General News of Fri, 24 Apr 2015106
No end in sight for power crisis
Government's numerous promises to end the power crisis will once again be far from fulfillment as emissaries sent to Turkey to find out the state of the power barges that would ease the crisis have come home empty handed.
According to a member of Parliament’s Finance Committee, Kwabena Amankwaa Asiamah, one of the emissaries, the power barges are still under construction.
This means the current load shedding exercise which has led to loss of lives, jobs, closure of businesses and affected the lifestyles of citizens may persist for a while longer.
Power Minister Dr Kwabena Donkor had in February this year listed the Turkey barges as one of the major interventions to ease the energy crisis in the country.
Numerous deadlines and promises by government officials, and allied institutions to resolve the crisis have all been broken.
But Dr Donkor sounded reassuring on his first public statement after he was appointed Power Minister.
"I wish to assure you that the Ministry of Power is working around the clock to end this current load shedding in the short term and also to implement long-term measures to avoid future recurrence of load shedding.
"...The darkest period of the night is the period just before day break. We assure you that we are closer to daybreak than we think," he stated at the press conference.
The Power barges were expected to be part of the daybreak interventions and they were expected to arrive in April.
Barely a week to the end of April, emissaries sent to Turkey have returned with worrying reports.
The company, Karpower, tasked to provide the power barges to Ghana told the emissaries they [Karpower] are not the best company to be contacted during emergency periods.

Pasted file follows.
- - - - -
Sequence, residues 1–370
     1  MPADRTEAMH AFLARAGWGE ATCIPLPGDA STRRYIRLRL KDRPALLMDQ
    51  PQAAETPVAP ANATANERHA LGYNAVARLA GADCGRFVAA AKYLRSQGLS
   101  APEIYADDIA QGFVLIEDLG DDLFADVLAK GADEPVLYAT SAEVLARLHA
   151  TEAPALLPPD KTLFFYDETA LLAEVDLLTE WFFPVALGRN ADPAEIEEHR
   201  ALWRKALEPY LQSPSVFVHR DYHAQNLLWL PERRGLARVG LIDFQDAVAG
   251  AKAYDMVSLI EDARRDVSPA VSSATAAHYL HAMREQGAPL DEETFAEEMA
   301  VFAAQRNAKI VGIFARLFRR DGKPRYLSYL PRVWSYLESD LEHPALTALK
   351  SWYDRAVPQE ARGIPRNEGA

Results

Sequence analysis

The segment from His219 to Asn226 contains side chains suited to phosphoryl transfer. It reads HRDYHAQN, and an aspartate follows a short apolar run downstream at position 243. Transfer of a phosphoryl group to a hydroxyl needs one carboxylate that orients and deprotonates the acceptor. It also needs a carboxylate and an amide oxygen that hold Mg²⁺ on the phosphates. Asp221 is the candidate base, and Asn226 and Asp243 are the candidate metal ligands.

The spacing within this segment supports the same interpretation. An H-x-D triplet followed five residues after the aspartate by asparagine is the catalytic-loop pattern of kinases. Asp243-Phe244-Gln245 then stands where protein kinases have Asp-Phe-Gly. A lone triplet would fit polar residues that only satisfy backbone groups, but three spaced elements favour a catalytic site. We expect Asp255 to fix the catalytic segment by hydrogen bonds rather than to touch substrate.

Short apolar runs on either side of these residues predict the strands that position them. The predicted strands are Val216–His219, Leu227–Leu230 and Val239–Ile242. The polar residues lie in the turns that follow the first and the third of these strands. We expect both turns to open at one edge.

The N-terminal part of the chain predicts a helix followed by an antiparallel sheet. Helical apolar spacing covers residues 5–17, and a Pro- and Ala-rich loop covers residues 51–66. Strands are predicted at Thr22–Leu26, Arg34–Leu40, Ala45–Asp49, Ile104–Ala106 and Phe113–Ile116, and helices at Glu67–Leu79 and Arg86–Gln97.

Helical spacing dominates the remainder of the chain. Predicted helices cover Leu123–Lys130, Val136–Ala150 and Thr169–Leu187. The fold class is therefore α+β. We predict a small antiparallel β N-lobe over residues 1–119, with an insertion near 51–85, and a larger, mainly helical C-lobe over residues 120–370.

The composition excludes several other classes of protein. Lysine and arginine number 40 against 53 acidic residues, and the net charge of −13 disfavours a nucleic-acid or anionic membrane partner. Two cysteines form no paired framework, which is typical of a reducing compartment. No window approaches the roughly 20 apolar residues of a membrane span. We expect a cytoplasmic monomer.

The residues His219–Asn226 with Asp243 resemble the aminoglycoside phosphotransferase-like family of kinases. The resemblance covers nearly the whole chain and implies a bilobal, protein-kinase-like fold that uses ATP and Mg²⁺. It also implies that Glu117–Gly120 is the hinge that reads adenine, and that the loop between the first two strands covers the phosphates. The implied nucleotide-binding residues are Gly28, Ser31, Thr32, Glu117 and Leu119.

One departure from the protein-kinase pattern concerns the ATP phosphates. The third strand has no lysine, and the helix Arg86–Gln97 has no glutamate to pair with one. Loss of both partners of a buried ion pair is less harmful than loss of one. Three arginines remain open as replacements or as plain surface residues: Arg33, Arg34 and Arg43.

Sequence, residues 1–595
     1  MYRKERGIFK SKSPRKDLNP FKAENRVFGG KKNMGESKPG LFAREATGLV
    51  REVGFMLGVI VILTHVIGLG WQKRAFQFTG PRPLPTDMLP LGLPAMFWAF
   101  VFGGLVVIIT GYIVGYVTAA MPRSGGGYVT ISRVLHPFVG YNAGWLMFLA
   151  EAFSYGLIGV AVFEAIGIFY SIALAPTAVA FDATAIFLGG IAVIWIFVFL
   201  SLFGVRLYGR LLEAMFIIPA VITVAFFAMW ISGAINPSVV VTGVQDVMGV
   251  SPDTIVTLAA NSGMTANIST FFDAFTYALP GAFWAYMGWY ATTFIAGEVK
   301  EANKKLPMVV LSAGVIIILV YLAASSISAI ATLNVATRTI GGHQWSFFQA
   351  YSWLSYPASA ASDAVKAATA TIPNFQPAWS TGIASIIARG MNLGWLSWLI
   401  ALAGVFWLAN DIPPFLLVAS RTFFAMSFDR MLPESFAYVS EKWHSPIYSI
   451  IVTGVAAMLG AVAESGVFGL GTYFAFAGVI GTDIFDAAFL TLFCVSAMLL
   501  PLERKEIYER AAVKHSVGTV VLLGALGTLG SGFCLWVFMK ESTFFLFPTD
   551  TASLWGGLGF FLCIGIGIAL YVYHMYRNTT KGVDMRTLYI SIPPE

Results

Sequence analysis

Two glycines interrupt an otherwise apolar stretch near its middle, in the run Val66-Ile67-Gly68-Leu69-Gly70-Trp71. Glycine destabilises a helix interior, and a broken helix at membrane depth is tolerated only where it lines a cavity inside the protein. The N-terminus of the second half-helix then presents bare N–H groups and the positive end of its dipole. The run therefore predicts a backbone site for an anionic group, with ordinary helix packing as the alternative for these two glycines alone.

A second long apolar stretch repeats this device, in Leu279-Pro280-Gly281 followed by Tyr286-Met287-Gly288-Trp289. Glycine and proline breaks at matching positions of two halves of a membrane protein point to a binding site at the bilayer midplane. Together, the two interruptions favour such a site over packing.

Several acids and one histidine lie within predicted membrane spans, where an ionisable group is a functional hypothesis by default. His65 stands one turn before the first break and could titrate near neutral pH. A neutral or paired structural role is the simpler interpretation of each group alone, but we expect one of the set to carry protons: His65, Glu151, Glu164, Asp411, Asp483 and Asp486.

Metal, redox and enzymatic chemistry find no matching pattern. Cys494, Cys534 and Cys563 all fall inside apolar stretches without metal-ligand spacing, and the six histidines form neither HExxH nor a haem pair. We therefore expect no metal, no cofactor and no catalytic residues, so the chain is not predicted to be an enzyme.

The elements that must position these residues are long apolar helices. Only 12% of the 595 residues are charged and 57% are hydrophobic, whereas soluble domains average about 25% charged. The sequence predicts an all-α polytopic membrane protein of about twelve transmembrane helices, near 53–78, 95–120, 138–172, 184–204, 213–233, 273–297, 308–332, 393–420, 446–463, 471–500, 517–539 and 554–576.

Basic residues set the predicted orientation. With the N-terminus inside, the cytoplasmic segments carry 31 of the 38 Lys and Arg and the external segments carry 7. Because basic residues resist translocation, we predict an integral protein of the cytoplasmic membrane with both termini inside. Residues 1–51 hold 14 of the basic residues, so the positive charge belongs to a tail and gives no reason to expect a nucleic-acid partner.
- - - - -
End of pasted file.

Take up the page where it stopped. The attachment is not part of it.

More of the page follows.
"According to Karpower if they had been informed before the announcement by government that delivery will be in April they would have told government and whoever is concerned that 'no, Karpower cannot deliver by the end of April.'"
"Because Kapower according to the manufacturers is not an emergency company to supply power barges to needed institutions or countries.
"They need time... to manufacture to specifications," Kwabena Amankwaa Asiamah said.
He added that they saw a number of ships at the Istanbul shipyard, including a six engine ship which would provide 120 megawatts of power.
Even though that is not Ghana's power barge, Amakwaa Asiamah said that one can be made available to Ghana in August, if the necessary letters of credit are made available.
He said the one requested by Ghana is a 12-engine ship with the capacity of providing 225 megawatts of power.
Work on that one is only 80 percent complete, he indicated, adding it can only be ready for use in September.
Meanwhile, Ghanaians are continuously wailing about the worsening power crisis in the country.